I was the “black friend” that a lot of racists claim to have.
I didn’t come to terms with the experiences that formed my racial identity until my young adult life. My encounters with racial injustice were not as violent or as fatal as many of the police interactions I hear about nowadays. Most of what was said or done to me was in the form of racially-insensitive comments about how my perceived mannerisms did not reflect the race with which I identified.
I was born to well-educated black parents, and while we weren’t super loaded or anything, we led a comfortable life. As a child, I remember walking through the front door and telling my mom how my day at school went. I carelessly put my backpack near the front door, and when my mom objected, I responded with “my bad”, a phrase commonly uttered by my black friends at school. She gently discouraged me from ever saying this again, and when I asked why, she said that it made me sound uneducated. From that day on, I spoke “proper English”, the type of English that is commonly associated with “talking white”.
When I was in 7th grade, I had heard from one of my white friends that one of our black classmates had gotten assaulted by some other black students for “not acting black enough”. Her name was Melissa*, and although I did not know her too well, I had heard that she was popular amongst other students. At that moment, I felt a tightening in my chest, and I worried that something like this would happen to me someday. Almost as if reading my thoughts, my friend told me “You don’t have to worry about that, Devin. You’re not like the other black kids.” I don’t remember how I felt after I heard that, but I know it wasn’t a good feeling. I didn’t know it at the time, but this incident was the first step towards me realizing that my success, safety and “acceptance” in this world ultimately depended on the approval of white people, and that any attempts to connect with my heritage would be met with disapproval. I often think about this day, but probably not nearly as much as Melissa does.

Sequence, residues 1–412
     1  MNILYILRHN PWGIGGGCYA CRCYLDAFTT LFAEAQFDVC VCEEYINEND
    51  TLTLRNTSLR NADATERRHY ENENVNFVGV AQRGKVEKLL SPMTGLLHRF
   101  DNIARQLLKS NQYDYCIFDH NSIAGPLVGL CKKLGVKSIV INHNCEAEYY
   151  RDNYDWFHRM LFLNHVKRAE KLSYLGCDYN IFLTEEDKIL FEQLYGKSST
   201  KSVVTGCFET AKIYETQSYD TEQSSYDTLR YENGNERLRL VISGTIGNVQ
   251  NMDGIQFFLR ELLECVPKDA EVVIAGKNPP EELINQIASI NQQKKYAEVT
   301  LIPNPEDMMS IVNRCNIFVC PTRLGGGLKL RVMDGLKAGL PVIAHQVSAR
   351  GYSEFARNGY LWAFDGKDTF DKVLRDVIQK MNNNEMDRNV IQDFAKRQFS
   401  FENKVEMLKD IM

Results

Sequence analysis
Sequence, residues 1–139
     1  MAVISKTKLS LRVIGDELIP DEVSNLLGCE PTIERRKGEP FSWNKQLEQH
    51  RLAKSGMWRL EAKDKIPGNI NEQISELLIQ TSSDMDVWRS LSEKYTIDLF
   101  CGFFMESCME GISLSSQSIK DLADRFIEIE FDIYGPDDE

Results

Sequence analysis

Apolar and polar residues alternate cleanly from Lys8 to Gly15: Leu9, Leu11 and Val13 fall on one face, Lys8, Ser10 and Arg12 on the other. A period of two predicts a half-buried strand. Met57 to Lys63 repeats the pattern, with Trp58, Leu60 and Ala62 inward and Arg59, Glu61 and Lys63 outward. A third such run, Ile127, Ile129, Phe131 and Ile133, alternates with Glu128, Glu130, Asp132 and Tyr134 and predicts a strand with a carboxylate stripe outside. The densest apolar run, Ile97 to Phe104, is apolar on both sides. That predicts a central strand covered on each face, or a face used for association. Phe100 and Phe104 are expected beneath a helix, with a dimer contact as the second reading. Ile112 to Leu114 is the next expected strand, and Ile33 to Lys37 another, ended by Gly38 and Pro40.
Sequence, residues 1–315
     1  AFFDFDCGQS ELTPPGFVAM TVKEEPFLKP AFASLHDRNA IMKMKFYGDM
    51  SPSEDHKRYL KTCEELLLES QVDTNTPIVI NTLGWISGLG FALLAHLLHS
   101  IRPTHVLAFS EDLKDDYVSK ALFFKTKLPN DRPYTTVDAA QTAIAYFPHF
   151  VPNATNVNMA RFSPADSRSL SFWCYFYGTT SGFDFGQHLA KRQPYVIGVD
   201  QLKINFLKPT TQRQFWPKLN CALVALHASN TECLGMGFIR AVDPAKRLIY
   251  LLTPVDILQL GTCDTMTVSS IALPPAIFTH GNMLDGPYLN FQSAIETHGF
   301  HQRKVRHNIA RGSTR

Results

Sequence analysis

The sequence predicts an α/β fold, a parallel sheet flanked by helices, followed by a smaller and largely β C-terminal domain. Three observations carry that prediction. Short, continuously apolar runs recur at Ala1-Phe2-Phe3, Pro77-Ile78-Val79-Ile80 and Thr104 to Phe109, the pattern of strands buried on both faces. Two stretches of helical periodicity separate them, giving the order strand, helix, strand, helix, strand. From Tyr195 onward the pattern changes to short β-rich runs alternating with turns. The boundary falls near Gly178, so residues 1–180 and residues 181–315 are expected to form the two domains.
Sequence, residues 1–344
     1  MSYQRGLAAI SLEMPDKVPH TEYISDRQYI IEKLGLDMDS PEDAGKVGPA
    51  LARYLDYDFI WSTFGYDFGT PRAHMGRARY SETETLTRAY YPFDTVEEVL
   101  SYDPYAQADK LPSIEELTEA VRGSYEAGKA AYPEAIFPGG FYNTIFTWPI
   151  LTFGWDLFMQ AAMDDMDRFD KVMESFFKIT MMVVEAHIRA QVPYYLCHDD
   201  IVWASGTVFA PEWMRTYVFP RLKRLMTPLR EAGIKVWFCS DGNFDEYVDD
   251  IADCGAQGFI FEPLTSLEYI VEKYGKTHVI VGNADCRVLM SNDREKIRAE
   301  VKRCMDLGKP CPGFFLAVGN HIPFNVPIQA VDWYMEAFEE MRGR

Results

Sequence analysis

I spent my high school years at a predominately white private school in Louisiana, and it was an experience to say the least. Here are a couple of those racial encounters that I had mentioned earlier:
• A white friend of mine said the n-word when talking to me about another person that she was displeased with, and when I expressed displeasure, she scoffed and said it “wasn’t a big deal”.
• I dated a white guy, and he would constantly make anti-black “jokes” at my expense, and like an idiot, I would chuckle awkwardly in response.
• While dating said white guy, someone wrote “n-word lover” on his locker in permanent marker. Wrote the full word with a hard “r” and everything.
• During my senior year, I was voted “Whitest Black Person You Will Ever Know”.
It was a weird space to be in, but if I had to describe it, it’s like a child receiving conditional love from their parents. As long as I did not “have an attitude” (i.e. display ANY degree of negative, even neutral, emotion), I would get compliments from adults saying how well-behaved I was.
I felt so powerless until a few years ago at my job, when someone had said the n-word to me in casual conversation. I remember it feeling similar to what happened to me in high school, and the session ended with me politely but firmly telling the person to leave. The feeling of power and self-love that I had for myself in that moment was indescribable.
I’m very lucky to work at a place that validates my experiences as a black woman in America. Until recently, I allowed people to say things to me that should have never been said. Sadly, bullies don’t go away after high school, so I’ve had to dig deep and learn a lot about myself over the past couple years, including how to love myself for all of my differences.
Black people: Please, PLEASE do not allow other people to police your blackness. Using “degrees of whiteness” as the standard for acceptable behavior is a common tactic that racists use to divide and alienate people of color. More likely than not, you’ll have to step outside of your comfort zone to call out people who don’t think you’re black enough. However, you must understand that some of these people won’t like it, and may leave your life forever. This will be painful, but know that you’re not losing friends. You’re only losing manipulators, narcissists, and liars that used to benefit from your lack of boundaries.
*names have been changed to protect the identities of people in this story
- Devin Tempton, Staff at The Empowerment Program, Inc.